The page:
One couple was asleep in their bedroom when the unthinkable happened. Another man had just celebrated his birthday when he was brutally beaten by a stranger in a hateful rage. A woman, battered and bruised by her boyfriend, mustered up the courage to tell authorities what happened, then dug into a deeper reserve to take the witness stand at his trial.
All were crime victims in Yolo County whose lives ended or were irrevocably changed by violence or trauma. They or their family members were recognized Monday in Woodland by the Yolo County District Attorney’s Office and its victims’ services program.
They received plaques and were honored for their courage in facing “tragic and heartbreaking events.”
Monday was exactly the type of bright, warm, spring day that Claudia Maupin lived for, said her eldest daughter, Victoria Hurd, the event’s keynote speaker.
“My mother would’ve loved this day. She came alive in the springtime,” Hurd said during the ceremony, held at the city’s historic opera house.
Two years ago last week, Daniel Marsh, then 15 years old, broke into the Davis condominium that Maupin, a local church official, shared with her husband, attorney and musician Oliver “Chip” Northup. Marsh attacked, tortured and killed the sleeping pair in their bedroom in a case so savage, prosecutors branded the teen an “evil soul.”
Hurd’s sister, then police, discovered their bodies. Maupin was 76, Northup 87. Marsh, convicted by a Yolo County jury in December, is serving a 52-years-to-life sentence in the killings.
“My whole life changed in the moments and hours that followed” her sister’s phone call, Hurd said. Stunned by the sudden horror, Hurd could neither eat nor sleep for days. But trauma counselors and the Yolo County Victim Services Program helped pave a way forward, she said.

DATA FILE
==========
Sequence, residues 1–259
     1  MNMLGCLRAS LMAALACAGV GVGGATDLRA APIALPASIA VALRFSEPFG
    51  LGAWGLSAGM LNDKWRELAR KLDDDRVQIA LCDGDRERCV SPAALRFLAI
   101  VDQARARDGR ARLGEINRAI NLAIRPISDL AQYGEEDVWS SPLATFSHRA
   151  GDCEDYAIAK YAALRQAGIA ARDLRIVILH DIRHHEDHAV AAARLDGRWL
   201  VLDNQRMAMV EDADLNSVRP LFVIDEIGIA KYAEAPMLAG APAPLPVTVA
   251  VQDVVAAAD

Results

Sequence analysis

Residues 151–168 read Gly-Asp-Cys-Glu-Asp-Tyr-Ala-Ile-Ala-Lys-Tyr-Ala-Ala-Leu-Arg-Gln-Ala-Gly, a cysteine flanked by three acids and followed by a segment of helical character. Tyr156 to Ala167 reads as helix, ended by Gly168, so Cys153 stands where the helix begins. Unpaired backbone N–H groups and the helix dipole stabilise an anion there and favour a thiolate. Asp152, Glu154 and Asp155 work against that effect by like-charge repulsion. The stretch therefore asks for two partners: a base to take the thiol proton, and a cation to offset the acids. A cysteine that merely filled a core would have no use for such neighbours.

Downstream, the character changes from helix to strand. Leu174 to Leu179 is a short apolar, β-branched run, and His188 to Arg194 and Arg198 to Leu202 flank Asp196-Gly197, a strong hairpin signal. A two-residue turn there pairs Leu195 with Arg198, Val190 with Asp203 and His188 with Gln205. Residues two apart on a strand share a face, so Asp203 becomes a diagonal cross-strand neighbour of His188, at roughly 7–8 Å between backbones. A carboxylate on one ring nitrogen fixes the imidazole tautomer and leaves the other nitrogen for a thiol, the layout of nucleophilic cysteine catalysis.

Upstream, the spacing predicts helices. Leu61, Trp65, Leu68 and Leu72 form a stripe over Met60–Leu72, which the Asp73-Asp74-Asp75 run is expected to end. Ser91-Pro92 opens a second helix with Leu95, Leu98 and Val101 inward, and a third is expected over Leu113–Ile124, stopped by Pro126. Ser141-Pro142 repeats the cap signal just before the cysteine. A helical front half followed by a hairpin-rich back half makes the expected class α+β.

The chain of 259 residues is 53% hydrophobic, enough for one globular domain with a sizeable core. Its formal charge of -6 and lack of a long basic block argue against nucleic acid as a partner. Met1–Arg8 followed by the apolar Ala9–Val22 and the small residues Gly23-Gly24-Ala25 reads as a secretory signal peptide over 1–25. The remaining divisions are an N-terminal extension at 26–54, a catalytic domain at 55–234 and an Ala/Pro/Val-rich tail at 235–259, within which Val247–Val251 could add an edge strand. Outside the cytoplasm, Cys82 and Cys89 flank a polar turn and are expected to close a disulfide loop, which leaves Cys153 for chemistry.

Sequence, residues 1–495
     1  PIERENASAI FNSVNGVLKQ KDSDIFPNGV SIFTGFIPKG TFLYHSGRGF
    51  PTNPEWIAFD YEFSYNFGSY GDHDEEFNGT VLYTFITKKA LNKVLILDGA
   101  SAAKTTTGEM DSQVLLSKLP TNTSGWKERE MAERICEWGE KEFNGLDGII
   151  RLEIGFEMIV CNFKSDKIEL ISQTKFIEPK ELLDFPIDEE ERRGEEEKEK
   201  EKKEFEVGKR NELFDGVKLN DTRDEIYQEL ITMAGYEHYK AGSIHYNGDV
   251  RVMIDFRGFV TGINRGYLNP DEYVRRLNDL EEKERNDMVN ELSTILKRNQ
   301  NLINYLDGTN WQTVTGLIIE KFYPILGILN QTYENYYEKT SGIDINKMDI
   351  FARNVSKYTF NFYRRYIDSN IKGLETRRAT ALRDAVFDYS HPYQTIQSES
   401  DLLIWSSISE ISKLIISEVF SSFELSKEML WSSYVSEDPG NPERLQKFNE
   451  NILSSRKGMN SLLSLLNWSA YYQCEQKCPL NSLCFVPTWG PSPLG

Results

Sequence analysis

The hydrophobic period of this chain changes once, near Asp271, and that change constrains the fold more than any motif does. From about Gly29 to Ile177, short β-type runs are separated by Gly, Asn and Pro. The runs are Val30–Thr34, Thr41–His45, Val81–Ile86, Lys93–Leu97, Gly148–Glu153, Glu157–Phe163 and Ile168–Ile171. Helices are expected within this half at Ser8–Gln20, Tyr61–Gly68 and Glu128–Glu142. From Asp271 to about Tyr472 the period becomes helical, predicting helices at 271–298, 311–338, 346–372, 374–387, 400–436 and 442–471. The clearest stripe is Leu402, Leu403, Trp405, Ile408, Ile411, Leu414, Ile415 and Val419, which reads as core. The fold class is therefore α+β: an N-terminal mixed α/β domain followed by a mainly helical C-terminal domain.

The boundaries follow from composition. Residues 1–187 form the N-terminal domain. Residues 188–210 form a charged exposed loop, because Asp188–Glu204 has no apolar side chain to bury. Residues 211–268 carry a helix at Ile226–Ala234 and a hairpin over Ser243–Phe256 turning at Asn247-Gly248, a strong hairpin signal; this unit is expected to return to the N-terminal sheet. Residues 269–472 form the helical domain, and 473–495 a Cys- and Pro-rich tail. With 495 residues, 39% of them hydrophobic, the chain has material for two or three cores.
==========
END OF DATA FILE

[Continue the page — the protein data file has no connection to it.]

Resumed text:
“There are people and there are resources here to help you. I am not alone. I have all the resources I need to heal,” Hurd told the audience.
The Yolo County program provides victims’ advocates who sit with, counsel and support families impacted by crime, including the often lengthy and painful trial process, said county Chief Deputy District Attorney Jonathan Raven.
“We’re trying to be there for them when they’re in the lowest of lows,” Raven said. “If we can help them, we’re successful. ... Our victims’ advocates do a tremendous job of that.”
Lawrence Partida, on his way home from a house party in Davis, had just celebrated his 33rd birthday March 10, 2013, when he was brutally beaten in the early-morning hours by Clayton Garzon of Davis. Partida spent two weeks in a Sacramento hospital recovering from the attack.
Garzon is serving a five-year sentence in the Yolo County jail, which will be followed by mandatory supervision for two years four months.
After the ceremony Monday, Partida spoke of his recovery and the support he received from prosecutors and victims’ services staffers during his attacker’s trial.
“They took the time to help me. I felt like they really cared about what we wanted,” Partida said.
He suffers from post-traumatic stress, one of the lingering effects of the beating, but tries to have positive thoughts. He starts each day with a ritual: “I have to breathe, meditate a little,” he said. Sometimes a song helps.
“It’s always going to be a struggle. It’s hard, but not as hard as it was.”
Felicia Leivo said she “felt a little lighter” Monday after years of bearing physical and mental abuse at the hands of a violent boyfriend. Leivo testified during the trial against the boyfriend, who was sentenced to prison, according to the District Attorney’s Office.
Through the support of victims’ advocates, Leivo finally has found a measure of redemption.
“It hurt me inside – my pride. He made me feel like I was trash,” Leivo said. Now, “I don’t feel like I should be ashamed of myself.”
Then, she added with a small smile, “I’m still here.”
Call The Bee’s Darrell Smith, (916) 321-1040.